38 The NaTioNal CuliNary review • marCh 2014
Toasted Peanut Soup with sorghum marshmallows and
chicken cracklings is a longstanding favorite on the menu at Wit
& Wisdom, A Tavern by Michael Mina, Four Seasons Hotel,
Baltimore, where Zack Mills is executive chef. “Prior to service,
we make the marshmallows from scratch with sorghum, sugar, egg
whites and a few other ingredients, spreading it along the inside of
the six-ounce soup bowl,” he says. “Then, we lightly torch it with
a pastry blowtorch to bring out the natural marshmallow flavor.”
Each morning, a few liters of the soup are prepared,
incorporating freshly toasted peanuts so that the oils are drawn
up. The soup itself is a combo of chicken base, sherry wine vinegar
for acidity, onion, garlic and roasted peanuts.
Chicken cracklings are currently prepared only for this dish.
“We fry the chicken skin right before service,” Mills says. “The
secret is in taking care to have it dried out thoroughly before you
fry it. The best way is to set it in a very warm oven for a while.
For service, a member of the waitstaff fills the guest’s bowl about
two-thirds full of soup tableside.”
Mills aims to create light consommés in spring, incorporating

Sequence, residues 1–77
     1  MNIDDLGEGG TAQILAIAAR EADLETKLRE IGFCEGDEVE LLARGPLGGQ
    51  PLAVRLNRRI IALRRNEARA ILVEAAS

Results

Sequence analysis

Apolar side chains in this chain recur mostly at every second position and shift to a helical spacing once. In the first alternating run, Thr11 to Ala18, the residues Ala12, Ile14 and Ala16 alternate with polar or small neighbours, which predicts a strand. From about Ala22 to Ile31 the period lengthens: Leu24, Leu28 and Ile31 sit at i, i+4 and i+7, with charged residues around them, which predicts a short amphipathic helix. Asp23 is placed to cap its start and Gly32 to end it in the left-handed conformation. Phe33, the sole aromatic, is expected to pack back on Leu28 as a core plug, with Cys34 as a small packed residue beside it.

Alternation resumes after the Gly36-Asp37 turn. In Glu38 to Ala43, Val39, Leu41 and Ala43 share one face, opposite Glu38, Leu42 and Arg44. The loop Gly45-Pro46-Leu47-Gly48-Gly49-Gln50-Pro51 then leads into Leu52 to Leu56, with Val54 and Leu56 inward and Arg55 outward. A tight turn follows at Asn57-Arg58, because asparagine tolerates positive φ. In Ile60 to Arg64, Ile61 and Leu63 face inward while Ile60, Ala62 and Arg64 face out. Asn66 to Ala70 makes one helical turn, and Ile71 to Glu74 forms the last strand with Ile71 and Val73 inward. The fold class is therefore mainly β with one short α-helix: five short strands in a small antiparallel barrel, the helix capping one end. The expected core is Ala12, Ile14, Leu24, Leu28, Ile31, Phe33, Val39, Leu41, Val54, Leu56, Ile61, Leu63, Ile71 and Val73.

mirepoix ingredients in a play on chicken noodle soup with a ravioli
filled with chicken egg yolk. “Once cooked in the hot liquid, it
basically becomes poached and should run into the soup,” he says.
He offers a couple of tips: Lightly blanch the onions, carrots and
celery before adding them to the soup bowl, and layer the egg yolk
gently on top of one pasta sheet before covering with a second sheet.
Jeremy Ashby, executive chef at AZUR Restaurant & Patio,
Lexington, Ky., promotes the farm-to-table movement and created
a farmers market without fees for growers on the south side of
Lexington, efforts that mirror the sense of place and season he
conveys through his cooking.
Although soups at AZUR change daily, Buttermilk and Salsify
Puree, garnished with grilled, wilted spinach and bacon, is a guest
favorite that Ashby likes to menu in the spring. “Since salsify is
a silky, medium-to-bright green, I like it for the spring menu,” he
says. “The acid in buttermilk cuts through the bitterness in that
root. It’s like oysters Rockefeller with sweet baby spinach and
bacon, with the oysters replaced in this recipe by salsify. It’s crisp
and sweet and juicy and just pops all over your taste buds.”
Ashby’s version boasts apple pie moonshine with notes of
cinnamon and apples. “You marinate the venison in it, along with
molasses, four to six hours or overnight,” he says. “Molasses adds
a dark, transformational sweetness to the meats, including the
duck legs and chicken, both skin-on, that I use for the base.”
left to right: Peanut soup at wit & wisdom comes with sorghum marshmallows and chicken cracklings.
Jeremy ashby’s buttermilk and salsify puree is garnished with grilled, wilted spinach and bacon.
soup getting fresh